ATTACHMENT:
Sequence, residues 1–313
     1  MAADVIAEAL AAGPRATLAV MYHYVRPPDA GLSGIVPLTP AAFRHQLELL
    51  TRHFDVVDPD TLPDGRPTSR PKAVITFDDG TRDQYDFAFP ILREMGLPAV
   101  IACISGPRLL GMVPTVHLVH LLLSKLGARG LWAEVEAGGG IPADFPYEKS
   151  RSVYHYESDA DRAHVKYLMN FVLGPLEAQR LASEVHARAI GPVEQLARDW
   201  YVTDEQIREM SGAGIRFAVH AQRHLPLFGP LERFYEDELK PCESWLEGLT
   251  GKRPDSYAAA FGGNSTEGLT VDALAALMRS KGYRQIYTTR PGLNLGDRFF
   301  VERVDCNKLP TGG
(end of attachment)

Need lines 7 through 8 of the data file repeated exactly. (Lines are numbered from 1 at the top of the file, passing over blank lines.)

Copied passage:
   251  GKRPDSYAAA FGGNSTEGLT VDALAALMRS KGYRQIYTTR PGLNLGDRFF
   301  VERVDCNKLP TGG